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ARMED FORCES SPECIAL POWERS ACT (AFSPA)
Armed Forces are deployed in counter-insurgency / terrorist operations when all other forces available to the State have failed to bring the situation under control. Armed forces operating in such an environment require certain special powers and protection in the form of an enabling law.
The Armed Forces Special Powers Act (AFSPA) was enacted by the Parliament and confers certain special powers on members of the Armed Forces (military forces, air forces operating on ground as land forces and any other armed forces of the Union (CRPF, BSF, ITBP etc)for carrying out proactive operations against the insurgents in a highly hostile environment. AFSPA comes into effect only in Disturbed Areas. Power to declare an area as Disturbed Area is vested with the Central and the State Governments.
The essence of the important sections of AFSPA is as under:-
(a) Section 3. It lays down the authority which has power to declare areas to be disturbed. These authorities are the Central and the State Governments.
(b) Section 4. It gives the Army powers to search premises and make arrests without warrants, to use force even to the extent of causing death, destroy arms / ammunition dumps, fortifications/ shelters / hideouts and to stop, search and seize any vehicle.
(c) Section 6. It stipulates that arrested persons and seized property is to be made over to the police with least possible delay.
(d) Section 7. It offers protection of persons acting in good faith in their official capacity. Prosecution is permitted only after sanction of the Central Government.
An examination of the various powers available to the Police Authorities under the provisions of the CrPC vis-a-vis those available to Armed Forces under AFSPA would reveal that the Police Authorities still enjoy more comprehensive and wider powers relating to arrest, search, seizure, summoning of witnesses, preventive detention etc than the powers enjoyed by the Armed Forces.
AFSPA vs CrPC. Section 45 of the CrPC disallows arrest of public servants however Section 45 of the CrPC is not applicable in the State of J&K where the Ranbir Penal Code is applicable and ipso facto the persons of Armed Forces can be arrested for any perceived excesses, if AFSPA is not in vogue.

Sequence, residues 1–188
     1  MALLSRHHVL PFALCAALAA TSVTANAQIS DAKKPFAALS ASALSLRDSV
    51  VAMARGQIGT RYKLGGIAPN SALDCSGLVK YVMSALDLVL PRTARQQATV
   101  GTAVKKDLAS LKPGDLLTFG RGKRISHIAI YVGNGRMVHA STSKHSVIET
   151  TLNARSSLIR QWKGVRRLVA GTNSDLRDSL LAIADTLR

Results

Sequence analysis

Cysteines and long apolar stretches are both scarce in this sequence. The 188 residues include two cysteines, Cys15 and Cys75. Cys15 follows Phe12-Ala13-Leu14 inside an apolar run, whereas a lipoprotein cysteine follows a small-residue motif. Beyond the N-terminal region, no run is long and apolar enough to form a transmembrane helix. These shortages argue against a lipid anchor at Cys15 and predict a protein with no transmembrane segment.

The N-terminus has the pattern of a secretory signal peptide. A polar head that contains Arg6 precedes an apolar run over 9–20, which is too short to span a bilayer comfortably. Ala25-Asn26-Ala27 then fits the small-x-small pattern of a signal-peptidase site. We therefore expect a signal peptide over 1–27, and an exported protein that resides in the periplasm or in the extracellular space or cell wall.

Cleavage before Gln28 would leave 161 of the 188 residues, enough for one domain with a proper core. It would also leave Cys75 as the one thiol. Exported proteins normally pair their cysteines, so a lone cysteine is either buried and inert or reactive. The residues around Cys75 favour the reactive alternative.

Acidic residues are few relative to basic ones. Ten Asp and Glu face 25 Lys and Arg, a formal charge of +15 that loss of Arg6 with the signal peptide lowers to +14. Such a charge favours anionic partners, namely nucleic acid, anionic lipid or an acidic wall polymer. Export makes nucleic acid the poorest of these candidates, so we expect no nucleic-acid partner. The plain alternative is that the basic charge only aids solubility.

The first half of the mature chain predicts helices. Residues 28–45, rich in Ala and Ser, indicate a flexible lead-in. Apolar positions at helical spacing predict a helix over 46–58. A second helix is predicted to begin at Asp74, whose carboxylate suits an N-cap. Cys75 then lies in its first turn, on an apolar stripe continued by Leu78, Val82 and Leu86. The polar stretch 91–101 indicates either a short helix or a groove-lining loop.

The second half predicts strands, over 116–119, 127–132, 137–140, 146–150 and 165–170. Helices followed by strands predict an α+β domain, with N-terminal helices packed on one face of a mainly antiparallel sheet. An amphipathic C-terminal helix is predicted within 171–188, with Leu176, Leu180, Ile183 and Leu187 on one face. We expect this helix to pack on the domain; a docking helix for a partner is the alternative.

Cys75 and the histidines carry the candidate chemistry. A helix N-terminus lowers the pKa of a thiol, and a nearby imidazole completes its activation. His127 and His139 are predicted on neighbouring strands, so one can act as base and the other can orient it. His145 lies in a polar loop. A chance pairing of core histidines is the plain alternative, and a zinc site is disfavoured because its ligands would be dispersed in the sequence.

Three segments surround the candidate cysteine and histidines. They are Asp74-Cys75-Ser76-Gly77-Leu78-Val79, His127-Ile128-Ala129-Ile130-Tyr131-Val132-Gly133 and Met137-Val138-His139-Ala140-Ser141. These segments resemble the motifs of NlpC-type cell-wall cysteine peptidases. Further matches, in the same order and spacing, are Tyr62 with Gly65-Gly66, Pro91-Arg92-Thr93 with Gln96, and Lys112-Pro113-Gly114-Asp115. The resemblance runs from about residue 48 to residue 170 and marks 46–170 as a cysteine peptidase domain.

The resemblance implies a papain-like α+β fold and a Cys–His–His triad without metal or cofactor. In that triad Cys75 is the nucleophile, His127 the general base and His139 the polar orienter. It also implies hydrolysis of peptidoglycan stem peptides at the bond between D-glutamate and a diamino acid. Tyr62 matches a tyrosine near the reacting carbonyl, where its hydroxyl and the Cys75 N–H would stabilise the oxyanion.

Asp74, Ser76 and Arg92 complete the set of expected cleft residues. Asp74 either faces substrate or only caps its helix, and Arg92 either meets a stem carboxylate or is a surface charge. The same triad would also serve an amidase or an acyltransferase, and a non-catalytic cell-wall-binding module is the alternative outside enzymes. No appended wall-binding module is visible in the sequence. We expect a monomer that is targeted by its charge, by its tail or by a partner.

The Act in general and Sections 3, 4 & 6 thereof in particular, came up for scrutiny before a Constitution Bench of the Apex Court in a case titled ‘Naga People’s Movement of Human Rights Vs UOI’. The five-judge Constitution Bench dealt with the challenge to the legality of deployment of the Armed Forces in aid to civil power. The Court unambiguously ruled that AFSPA cannot be regarded as a colourable legislation or a fraud on the Constitution. The Apex Court considered and opined that the conferring of powers vide Section 4 of AFSPA could not be held arbitrary or violative of Article 14, 19 or 21 of the Constitution.
Adequate checks and safeguards are built in the AFSPA to prevent its misuse. The Do’s and Dont’s issued to the units, having found approval of Apex Court, have acquired legal status and are binding on the troops.
HR Record of the Indian Army. The provisions of AFSPA have NOT been misused and is evident from the HR Record of the Indian Army during the last two decades. Details of allegations of HR violations of Indian Army are as under :-
- HR Cases/complaints received – 1618
- (b) Cases Investigated – 1533
(c) No of allegations under investigation – 85
(d) Cases found true – 55 (3.6%)
(e) Cases found false – 1478 (96.4%)
(f) No of persons punished – 129
(g) No of cases awarded compensation – 35
The above punishments were awarded by the Army without any prosecution sanction from the MoD. Thus AFSPA is NOT a draconian law as purported to be.
Retention of AFSPA
The relative peace prevailing in any area cannot be the only criteria for the removal of AFSPA. The following aspects also need to be factored in and a comprehensive assessment made before the dilution/removal of AFSPA:-
(a) Current Situation. While there may be a comparative decline in terrorist violence, a number of terrorists killed and a reduction in the number of successful infiltration by terrorists, as long as there is no change in the ideology and the factors that aid and support proxy war the removal of enabling legislation like AFSPA may be counterproductive.
(b) The Emergence of Sanctuaries. Lifting of AFSPA from certain areas may result in terrorists seeking shelter in such areas and rebuilding their bases. Eviction of terrorists from such built-up areas sanitized after sacrifices by the army and police forces is likely to result in civilian causalities, damage to civilian property and a renewed cycle of violence.
(c) Military Installations and Lines of Communication. Army garrisons / strategic assets are spread over in population centers. Even in insurgency-prone areas, any action taken by the Army personnel in these areas without enabling legislation that does not confer immunity from arrest will further complicate the issue.
(d) Intelligence Bases. De-notification of AFSPA will render the painstakingly established sound intelligence bases untenable.
(e) Legal Aspects. Any reaction to terrorist action in Non-AFSPA areas would draw the Army into protracted legal battles on every incident.
(f) Restoration of AFSPA. Even if the situation worsens in areas where AFSPA has been revoked, it is unlikely that the political decision can be reversed easily to re-invoke the Act.
Content by PRASHANT SINGH
Faculty of personality development | 5+ years of experience of teaching | Masters in English literature | 10 times CDS qualified, | Defence enthusiast, educator and explorer